Intermittent leave has rapidly become the No. 1 headache for HR/Benefits pros everywhere. But adding these measures to your FMLA policy will certainly ease the pain.
You can’t forbid people from taking a few hours off here and there for legitimate FMLA reasons, but you can legally discourage abuse.
An effective policy would include at least 11 procedures, according to Attorney George Yund of the Frost Brown Todd law firm who spoke at the 2012 Labor & Employment-law Advanced Practices (LEAP) symposium in Las Vegas.
- Ask for notice: Always insist employees provide the required notice once they learn of the need for leave. Then make sure your supervisors designate it as FMLA leave and let employees know when they start burning their FMLA allotment. You can require 30 days of advance notice for “foreseeable” leave, or as much notice as “practicable.”
- Stop pay: FMLA leave is always unpaid. Even for exempt employees, you can make deductions from their wages for a few hours of intermittent leave without automatically converting them to overtime-eligible non-exempt employees.
- Ensure eligibility: Make sure employees requesting such leave are eligible to take it. They must work at a location within 75 miles of a worksite with at least 50 employees. Plus, they must have been employed at your company for a minimum of a year and worked at least 1,250 hours in the last 12 months. If not, they’re not eligible and requests can be denied.
- Deny parental leave: Even though intermittent leave is FMLA leave, you can deny it for parental care. No intermittent leave is available for childbirth or adoption purposes.
- Require medical certification: Leave must be medically necessary. You can insist on medical certifications and ask about specific reasons for leave, its duration and dates of treatment — both from the healthcare provider and the employee. Attach a job description to the medical certification form. And you can request second and third opinions if you have doubts — a tactic underused by employers that can send an effective message to others.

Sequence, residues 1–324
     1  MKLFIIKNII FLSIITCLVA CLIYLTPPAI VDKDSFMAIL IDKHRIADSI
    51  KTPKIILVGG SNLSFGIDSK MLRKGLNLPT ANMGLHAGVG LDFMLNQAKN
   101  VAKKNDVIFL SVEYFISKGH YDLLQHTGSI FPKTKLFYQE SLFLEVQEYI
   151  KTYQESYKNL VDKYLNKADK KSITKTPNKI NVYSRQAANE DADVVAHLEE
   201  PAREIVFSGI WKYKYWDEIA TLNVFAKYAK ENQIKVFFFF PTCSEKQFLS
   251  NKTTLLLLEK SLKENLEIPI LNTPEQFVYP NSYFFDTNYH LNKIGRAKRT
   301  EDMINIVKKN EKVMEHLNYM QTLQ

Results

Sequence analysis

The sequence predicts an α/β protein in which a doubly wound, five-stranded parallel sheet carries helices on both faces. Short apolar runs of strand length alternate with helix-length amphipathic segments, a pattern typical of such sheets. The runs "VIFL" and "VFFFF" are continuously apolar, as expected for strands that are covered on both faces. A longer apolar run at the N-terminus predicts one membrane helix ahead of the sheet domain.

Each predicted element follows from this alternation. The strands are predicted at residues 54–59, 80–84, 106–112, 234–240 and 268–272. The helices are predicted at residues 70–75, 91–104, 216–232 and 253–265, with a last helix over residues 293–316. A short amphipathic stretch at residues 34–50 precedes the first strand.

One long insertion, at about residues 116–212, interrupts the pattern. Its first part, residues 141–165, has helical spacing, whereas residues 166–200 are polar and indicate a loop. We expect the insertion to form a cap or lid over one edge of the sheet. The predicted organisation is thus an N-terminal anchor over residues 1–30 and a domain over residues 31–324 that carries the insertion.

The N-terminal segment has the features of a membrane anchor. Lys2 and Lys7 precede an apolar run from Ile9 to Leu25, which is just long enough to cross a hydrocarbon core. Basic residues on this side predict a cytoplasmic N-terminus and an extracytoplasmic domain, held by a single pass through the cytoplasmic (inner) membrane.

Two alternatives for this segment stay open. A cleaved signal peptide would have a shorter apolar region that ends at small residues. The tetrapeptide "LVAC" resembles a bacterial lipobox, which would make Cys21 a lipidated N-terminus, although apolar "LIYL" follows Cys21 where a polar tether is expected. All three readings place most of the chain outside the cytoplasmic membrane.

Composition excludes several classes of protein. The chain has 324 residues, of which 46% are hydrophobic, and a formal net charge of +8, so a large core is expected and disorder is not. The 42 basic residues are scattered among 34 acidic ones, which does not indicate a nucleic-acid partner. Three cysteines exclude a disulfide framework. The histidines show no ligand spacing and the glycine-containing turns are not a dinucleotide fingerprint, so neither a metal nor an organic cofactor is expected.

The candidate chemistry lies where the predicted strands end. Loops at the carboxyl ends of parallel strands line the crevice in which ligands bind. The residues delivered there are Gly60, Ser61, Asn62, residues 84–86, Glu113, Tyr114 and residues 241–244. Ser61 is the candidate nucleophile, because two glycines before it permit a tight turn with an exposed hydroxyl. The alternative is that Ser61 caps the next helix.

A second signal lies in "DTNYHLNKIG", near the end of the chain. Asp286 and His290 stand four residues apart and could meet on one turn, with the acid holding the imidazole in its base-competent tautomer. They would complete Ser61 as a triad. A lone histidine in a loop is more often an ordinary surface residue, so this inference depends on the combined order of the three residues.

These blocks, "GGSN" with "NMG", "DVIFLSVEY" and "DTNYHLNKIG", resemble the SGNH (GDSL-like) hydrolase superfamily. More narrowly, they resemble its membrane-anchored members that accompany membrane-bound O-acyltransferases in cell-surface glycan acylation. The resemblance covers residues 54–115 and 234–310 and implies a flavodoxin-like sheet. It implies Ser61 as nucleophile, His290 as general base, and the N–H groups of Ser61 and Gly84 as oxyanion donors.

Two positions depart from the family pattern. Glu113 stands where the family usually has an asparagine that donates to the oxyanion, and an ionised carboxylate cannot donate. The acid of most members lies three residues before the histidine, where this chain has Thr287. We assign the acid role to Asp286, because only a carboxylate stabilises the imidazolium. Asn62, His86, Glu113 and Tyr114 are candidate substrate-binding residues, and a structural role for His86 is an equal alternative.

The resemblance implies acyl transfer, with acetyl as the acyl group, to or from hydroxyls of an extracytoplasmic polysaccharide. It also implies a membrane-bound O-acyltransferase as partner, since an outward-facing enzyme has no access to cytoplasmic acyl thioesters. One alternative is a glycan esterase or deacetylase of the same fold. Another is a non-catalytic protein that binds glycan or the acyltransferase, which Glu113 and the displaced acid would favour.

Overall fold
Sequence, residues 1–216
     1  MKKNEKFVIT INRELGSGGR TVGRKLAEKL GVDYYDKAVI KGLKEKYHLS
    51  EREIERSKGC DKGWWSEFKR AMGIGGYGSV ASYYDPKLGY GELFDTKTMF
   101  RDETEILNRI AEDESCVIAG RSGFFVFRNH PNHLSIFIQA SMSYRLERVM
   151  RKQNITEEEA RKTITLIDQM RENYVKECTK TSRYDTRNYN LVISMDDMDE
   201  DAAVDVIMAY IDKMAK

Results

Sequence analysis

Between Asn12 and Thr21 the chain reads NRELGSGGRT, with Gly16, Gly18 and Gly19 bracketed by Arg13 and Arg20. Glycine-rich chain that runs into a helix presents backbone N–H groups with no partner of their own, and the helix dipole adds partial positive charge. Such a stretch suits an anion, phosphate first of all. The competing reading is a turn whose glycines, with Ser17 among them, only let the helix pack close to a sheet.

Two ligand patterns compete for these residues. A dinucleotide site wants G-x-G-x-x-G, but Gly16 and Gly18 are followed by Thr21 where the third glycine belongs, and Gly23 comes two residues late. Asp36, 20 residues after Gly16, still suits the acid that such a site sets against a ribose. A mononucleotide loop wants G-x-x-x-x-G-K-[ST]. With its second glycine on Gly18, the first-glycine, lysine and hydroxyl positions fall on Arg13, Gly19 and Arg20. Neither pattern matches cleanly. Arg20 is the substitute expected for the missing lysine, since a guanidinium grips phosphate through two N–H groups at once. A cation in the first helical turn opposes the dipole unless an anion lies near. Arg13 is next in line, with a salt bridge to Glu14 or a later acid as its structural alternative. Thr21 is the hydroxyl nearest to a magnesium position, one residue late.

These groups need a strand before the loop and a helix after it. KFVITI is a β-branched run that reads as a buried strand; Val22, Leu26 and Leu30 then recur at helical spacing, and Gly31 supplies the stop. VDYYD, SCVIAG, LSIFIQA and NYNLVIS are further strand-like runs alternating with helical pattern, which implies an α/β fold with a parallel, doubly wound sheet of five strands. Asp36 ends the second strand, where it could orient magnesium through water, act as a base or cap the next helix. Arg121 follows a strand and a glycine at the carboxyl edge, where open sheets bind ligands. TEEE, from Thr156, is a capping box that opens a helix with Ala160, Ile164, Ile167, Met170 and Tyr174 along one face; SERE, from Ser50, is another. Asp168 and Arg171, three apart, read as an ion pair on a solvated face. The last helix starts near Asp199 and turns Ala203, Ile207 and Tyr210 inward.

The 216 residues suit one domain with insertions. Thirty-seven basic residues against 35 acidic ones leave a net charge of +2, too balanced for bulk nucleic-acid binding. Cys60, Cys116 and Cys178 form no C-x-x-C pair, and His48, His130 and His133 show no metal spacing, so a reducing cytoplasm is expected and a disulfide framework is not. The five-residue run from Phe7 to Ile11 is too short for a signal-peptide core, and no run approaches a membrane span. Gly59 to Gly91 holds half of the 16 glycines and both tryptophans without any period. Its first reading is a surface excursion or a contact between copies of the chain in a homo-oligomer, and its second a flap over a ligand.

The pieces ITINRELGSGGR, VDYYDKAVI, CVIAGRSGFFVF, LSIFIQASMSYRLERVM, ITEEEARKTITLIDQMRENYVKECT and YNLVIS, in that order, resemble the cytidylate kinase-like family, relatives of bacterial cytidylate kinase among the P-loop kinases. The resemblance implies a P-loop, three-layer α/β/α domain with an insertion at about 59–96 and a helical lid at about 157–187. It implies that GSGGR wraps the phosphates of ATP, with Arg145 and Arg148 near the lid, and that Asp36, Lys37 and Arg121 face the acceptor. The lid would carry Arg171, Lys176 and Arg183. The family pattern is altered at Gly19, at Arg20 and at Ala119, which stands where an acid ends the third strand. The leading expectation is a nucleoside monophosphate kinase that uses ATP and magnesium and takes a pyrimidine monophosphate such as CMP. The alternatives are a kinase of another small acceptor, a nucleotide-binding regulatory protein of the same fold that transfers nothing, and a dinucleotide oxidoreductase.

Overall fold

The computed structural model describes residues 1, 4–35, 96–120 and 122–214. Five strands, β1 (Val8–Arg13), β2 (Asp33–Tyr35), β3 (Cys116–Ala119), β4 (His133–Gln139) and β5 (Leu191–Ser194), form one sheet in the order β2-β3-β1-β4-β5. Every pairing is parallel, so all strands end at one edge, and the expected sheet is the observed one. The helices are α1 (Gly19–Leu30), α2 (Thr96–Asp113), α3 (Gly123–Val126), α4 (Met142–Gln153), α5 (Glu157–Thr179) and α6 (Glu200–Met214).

- Consider transfers: You can transfer employees to other positions if intermittent leave is too disruptive to their normal work.
- Count overtime: You can count overtime missed in calculating the total 12-week allotment.
- Count it all: You can count increments used for other leave in totaling leave used, using increments of up to one hour. You can use longer increments if the employee can’t join the job in the middle of a shift (e.g., flight attendants).
- Offer paid leave: Employees can use accrued paid time off while on leave, but you must offer the option of unpaid intermittent leave.
- Make them use paid time first: You can compel the use of paid leave first, so employees have to burn vacation before any unpaid FMLA leave.
- Count holidays: You can count any holidays falling within any leave taken toward employees’ total 12-week FMLA allotment.